Hello all! This is Maridel blogging from Tamale, Ghana. This is my first time using this particular blogger so if anything is off or not up to par, please forgive me. Several of the other students, including myself, have been blogging on our personal blog accounts which is why this blog has been somewhat neglected these past 3 weeks.
So far, the trip has been amazing and eye-opening. Words cannot describe what I have learned about the world, myself, other people and their health care system here. The following post is an entry I wrote on my personal blog (www.africaandi.com) about my first couple of days at Tamale Teaching Hospital. I hope you all enjoy it!
"Welcome to Tamale Teaching Hospital!"
Amaraba. That is the word you want to hear if you want to be at a certain ward in the hospital. To be allowed to work, you must first be introduced formally to the charge nurse and then welcomed. Amaraba means “You are Welcome” in Dagbani, the predominant Ghanaian dialect here in Tamale.
My first several days in the hospital have been spent on the Maternity Ward and the Neonatal Intensive Care Unit (NICU). The Maternity Ward at the Tamale is very busy. During my first 3 hours on the ward, at least 4 babies an hour were born. It serves as both a pre-delivery ward for patients with pregnancy induced hypertension or other complications, a pre-operation ward for patients awaiting an emergency cesarean section (c-section) and lastly, as a post-partum ward for all mothers, normal or with complications. An interesting thing to note is the fact mothers who deliver vaginally with no difficulties are often offered a mat on the floor while mothers with higher risk deliveries are offered a bed.
Nurses on the Maternity Ward care ONLY for the mothers (NICU nurses care for the babies, normal or not). I had the wonderful opportunity to work with a pregnant woman with Malaria. This was a once in a lifetime opportunity because Malaria does not exist in Canada and therefore, I may never have a Malaria patient ever again. To learn the principles and procedures of care was very fascinating. A blood test is performed to determine the level of Malaria parasite in the blood stream. In non-pregnant patients, a + means simple oral medication therapy while ++ or more requires Quinine Intravenous (IV) therapy. However, because this woman was at 20 weeks gestation, she received IV therapy despite only having a + malaria parasite blood level.
I spent most of the rest of my 6-hour shift (to all my fellow nursing students back home working 12-hour shifts: it’s because it gets too hot to continue working after 6 hours during the daytime) doing post c-section dressings. I was amazed at the amount of dehisced, infected wounds I saw on a Maternity ward. When I performed my dressing change, the nurse supervising me nearly had a heart attack when I threw away the guaze I was using after 1 swipe as I have been taught. He responded with the joke, “You are going to bankrupt the Ghanaian government”. There are limited amounts of resources so they must reuse each gauze to swipe the wound multiple times before discarding it. This increases the risk of infection significantly which in a downward spiral, increases the overall amount of resources used in order to combat the infection caused by reusing/saving resources. An unfortunate and very real cycle.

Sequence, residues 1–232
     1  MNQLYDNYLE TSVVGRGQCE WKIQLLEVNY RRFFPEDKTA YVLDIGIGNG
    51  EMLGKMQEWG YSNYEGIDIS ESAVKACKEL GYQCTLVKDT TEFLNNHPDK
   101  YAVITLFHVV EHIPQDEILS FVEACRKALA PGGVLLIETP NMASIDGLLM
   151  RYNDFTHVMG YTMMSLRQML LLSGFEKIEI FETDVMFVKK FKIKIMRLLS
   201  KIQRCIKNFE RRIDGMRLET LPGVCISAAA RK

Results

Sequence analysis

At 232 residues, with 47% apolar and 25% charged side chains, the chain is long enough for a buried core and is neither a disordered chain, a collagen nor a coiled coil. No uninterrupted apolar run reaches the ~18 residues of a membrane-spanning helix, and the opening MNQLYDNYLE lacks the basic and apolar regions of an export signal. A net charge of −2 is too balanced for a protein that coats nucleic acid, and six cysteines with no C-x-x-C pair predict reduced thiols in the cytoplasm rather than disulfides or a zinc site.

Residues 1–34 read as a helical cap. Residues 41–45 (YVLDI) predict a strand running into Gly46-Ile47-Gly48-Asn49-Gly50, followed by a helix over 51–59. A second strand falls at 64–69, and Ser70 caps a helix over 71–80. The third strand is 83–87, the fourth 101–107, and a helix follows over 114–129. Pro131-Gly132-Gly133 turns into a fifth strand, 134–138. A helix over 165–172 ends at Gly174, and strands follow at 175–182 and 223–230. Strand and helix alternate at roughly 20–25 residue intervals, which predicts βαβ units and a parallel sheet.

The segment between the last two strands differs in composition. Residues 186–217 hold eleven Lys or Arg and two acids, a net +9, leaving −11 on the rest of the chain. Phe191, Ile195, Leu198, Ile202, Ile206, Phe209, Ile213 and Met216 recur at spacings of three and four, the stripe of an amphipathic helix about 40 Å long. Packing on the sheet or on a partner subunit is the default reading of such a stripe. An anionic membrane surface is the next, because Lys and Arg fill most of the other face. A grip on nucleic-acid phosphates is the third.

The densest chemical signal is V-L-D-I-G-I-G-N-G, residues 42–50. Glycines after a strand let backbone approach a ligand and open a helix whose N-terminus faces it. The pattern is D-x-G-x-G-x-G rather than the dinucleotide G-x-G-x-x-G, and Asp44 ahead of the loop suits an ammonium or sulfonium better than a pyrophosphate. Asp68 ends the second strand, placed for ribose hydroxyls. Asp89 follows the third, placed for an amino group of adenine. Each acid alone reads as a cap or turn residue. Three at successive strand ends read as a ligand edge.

My experience in the NICU was also just as eye-opening. After the happy task of bathing babies all morning, I watched a baby struggle for every breath. She had been born with severe asphyxiation and as a result, all of her reflexes, including breathing and crying, were compromised. I spent the entire afternoon trying to find another point of resource to provide her (neonatal masks for higher flow oxygen, intubation). Unfortunately, the doctors and nurses had done everything they possibly could do – suction intermittently (her swallowing and sucking reflexes were also compromised) so she would not choke and provide oxygen. In speaking with the Doctor, he admitted that if this was a country like Japan (where he had worked for a month) or Canada, this baby would be intubated and on a ventilator. It’s chances of surviving would be greater than the 50/50. In addition, the lack of oxygen at birth has caused significant deficits. It was hard to watch this baby struggle but it was the best treatment the hospital had to offer.
The Doctors and the Nurses in this hospital have been very accommodating and humble. They all practice to the best of their abilities, their training and as much as their resources can take them. Ghana, more specifically Tamale, is lucky to have each and every single one of these health care professionals.
Today, I am thankful for Canada’s health care system despite the long surgical wait lists and overflowing emergency rooms. No one will really be able to appreciate it in all its abundance, technology and wealth until they see what much of the rest of the World has, far less. After my experiences on the Maternity Ward, I can say with conviction that every baby and mother in Ghana is a blessing indeed.